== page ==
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How to Handle Conflict: Check Dispute Resolution Requirements

Dispute Resolution

Unfortunately, being a friendly neighbor will not always result in a resolution.  Let us assume at this point that you have tried to be positive and work with your neighbor to solve issues which are concerning you.  Notwithstanding your best efforts, your neighbor has blown you off and shows no interest in addressing your concerns.

Before doing anything rash you should send your neighbor a friendly letter putting into writing the concerns that you attempted to address with him or her previously.  Sometimes seeing something in writing will allow a person to recognize an issue and spur him or her into taking some action.  The letter should remain neutral and identify the issues and suggested ways to address them.  Be sure to tell your neighbor that you would like to work with him or her toward a resolution. Ask that your neighbor talk with you again.

If, however, none of these efforts work and you do not want to sell your home and leave the community, then it is time to take other steps to see if a third party can help you resolve the issue.  This third party may be a mediator, an arbitrator, the association’s board of directors or a judge.

Before proceeding down any particular path, you should do your homework.  Review your city, county and state regulations to determine if your neighbor has violated any of these provisions.  Also review your association’s governing documents to determine if the presence or actions violate any of these regulations.

Once you have determined whether any violations exist you should check your governing documents and state or local regulations as to what Alternative Dispute Resolution (“ADR”) processes are available to help you work through the issue.  Most cities have low-cost mediation centers that will allow parties to meet with a third party facilitator to work toward a resolution.  Even if a form of ADR is not required by your state or local regulations, you may wish to give mediation a try.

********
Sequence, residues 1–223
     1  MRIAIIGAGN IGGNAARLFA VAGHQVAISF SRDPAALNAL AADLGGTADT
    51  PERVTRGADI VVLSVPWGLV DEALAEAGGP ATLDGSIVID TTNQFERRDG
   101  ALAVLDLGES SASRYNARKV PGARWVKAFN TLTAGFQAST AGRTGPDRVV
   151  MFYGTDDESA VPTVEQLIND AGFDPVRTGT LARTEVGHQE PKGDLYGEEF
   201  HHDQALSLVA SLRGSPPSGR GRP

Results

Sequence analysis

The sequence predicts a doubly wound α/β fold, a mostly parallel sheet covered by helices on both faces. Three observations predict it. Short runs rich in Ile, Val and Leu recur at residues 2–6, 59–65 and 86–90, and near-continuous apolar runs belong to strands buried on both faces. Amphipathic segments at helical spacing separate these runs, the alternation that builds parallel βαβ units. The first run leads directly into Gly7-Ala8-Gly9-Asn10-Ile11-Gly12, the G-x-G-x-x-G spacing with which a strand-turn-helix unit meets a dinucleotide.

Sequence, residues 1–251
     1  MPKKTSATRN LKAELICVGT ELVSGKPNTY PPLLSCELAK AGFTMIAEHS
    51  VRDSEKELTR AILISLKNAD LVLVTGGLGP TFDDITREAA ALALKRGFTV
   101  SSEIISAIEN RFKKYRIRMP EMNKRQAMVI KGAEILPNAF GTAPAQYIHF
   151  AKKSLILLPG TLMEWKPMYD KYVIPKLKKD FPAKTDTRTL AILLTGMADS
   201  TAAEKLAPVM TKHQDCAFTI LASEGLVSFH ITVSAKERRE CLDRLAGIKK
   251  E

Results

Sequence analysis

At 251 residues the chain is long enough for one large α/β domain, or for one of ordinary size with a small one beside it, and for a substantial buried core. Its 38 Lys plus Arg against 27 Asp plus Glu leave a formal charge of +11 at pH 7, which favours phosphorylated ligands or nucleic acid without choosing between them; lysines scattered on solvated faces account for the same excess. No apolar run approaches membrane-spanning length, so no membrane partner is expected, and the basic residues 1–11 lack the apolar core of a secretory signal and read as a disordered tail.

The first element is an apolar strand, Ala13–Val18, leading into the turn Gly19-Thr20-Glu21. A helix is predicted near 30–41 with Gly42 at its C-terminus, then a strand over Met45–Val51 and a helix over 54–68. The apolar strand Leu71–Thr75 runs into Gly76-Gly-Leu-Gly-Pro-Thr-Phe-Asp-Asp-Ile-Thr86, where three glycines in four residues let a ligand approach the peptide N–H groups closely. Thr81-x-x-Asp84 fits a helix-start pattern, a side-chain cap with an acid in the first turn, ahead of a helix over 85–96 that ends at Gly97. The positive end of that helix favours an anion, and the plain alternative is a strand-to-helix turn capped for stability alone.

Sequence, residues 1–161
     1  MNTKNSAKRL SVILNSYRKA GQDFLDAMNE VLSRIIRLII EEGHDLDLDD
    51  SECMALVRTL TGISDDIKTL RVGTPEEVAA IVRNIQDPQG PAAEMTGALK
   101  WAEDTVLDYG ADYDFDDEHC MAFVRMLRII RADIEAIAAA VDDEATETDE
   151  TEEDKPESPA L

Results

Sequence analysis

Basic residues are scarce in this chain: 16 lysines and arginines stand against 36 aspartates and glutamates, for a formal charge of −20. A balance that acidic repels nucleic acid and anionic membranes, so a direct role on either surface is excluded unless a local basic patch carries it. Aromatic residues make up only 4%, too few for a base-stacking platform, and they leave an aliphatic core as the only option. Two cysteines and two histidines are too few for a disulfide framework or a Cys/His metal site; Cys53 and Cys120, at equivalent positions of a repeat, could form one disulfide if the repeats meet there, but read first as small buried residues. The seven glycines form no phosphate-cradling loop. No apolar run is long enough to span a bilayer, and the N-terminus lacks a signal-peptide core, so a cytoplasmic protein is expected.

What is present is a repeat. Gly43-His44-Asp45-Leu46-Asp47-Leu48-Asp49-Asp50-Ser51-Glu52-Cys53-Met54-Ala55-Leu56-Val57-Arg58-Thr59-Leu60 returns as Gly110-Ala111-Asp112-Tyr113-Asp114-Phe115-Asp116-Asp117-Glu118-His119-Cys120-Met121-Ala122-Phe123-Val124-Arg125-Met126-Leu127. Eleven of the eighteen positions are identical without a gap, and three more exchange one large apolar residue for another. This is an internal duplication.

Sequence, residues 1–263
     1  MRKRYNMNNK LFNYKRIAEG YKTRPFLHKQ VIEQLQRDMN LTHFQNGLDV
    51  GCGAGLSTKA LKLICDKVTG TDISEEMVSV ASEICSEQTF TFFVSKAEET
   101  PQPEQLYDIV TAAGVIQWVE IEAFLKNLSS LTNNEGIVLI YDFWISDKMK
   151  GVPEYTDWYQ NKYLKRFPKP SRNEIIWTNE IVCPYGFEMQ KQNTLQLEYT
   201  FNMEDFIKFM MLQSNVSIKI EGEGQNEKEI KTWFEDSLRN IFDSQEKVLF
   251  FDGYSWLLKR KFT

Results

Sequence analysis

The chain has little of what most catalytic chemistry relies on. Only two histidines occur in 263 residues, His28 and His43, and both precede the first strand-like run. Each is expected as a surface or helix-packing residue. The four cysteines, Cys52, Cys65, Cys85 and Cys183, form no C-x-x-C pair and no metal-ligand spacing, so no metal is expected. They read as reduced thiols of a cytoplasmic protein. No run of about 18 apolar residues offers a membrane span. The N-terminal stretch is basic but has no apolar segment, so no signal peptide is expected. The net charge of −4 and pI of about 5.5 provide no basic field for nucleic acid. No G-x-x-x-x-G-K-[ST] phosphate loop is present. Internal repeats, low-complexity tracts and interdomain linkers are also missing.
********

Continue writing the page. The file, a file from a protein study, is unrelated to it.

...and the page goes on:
As an alternative, you may also wish to file a complaint with your association’s board.  Perhaps other owners have complained as well.  If the board of directors has received multiple complaints from many different homeowners, it is possible that some enforcement action will be taken.  It is also possible that enforcement action is already taking place and that your additional complaints will lend further evidence and support to the action being taken by the board.  Remember that your efforts are not geared toward “telling on” your neighbor, but instead on asking for your board to assist you in your goal of living in your community peacefully.

If the board takes no action and a form of ADR does not resolve the issue, then you can use the regulations which you identified as having been violated to take further action.  Whether this involves filing an incident report with the City or County or filing suit, you should have all of the information necessary to make your case.

You should also remember that all of the steps taken by you to address the issue in an informal and amicable manner will be reviewed by the Court.  Your prior actions will show the Judge that you are not being obnoxious or acting rash, but that you have a legitimate concern that you are attempting to address and that you have tried every other avenue prior to filing suit.

When taking action through the court process, you should always remember that unless you plan on selling your home, you will have to live next to your neighbor for years to come.  Being civil during litigation can prove priceless in this regard.  Litigation does not always have to be spiteful and obnoxious.  It will be expensive however, so make sure you have consulted with appropriate experts and determined that litigation is the best course of action.  To avoid this expense, you should make a determined effort into attempting to informally resolve the issue using the tools outlined here.

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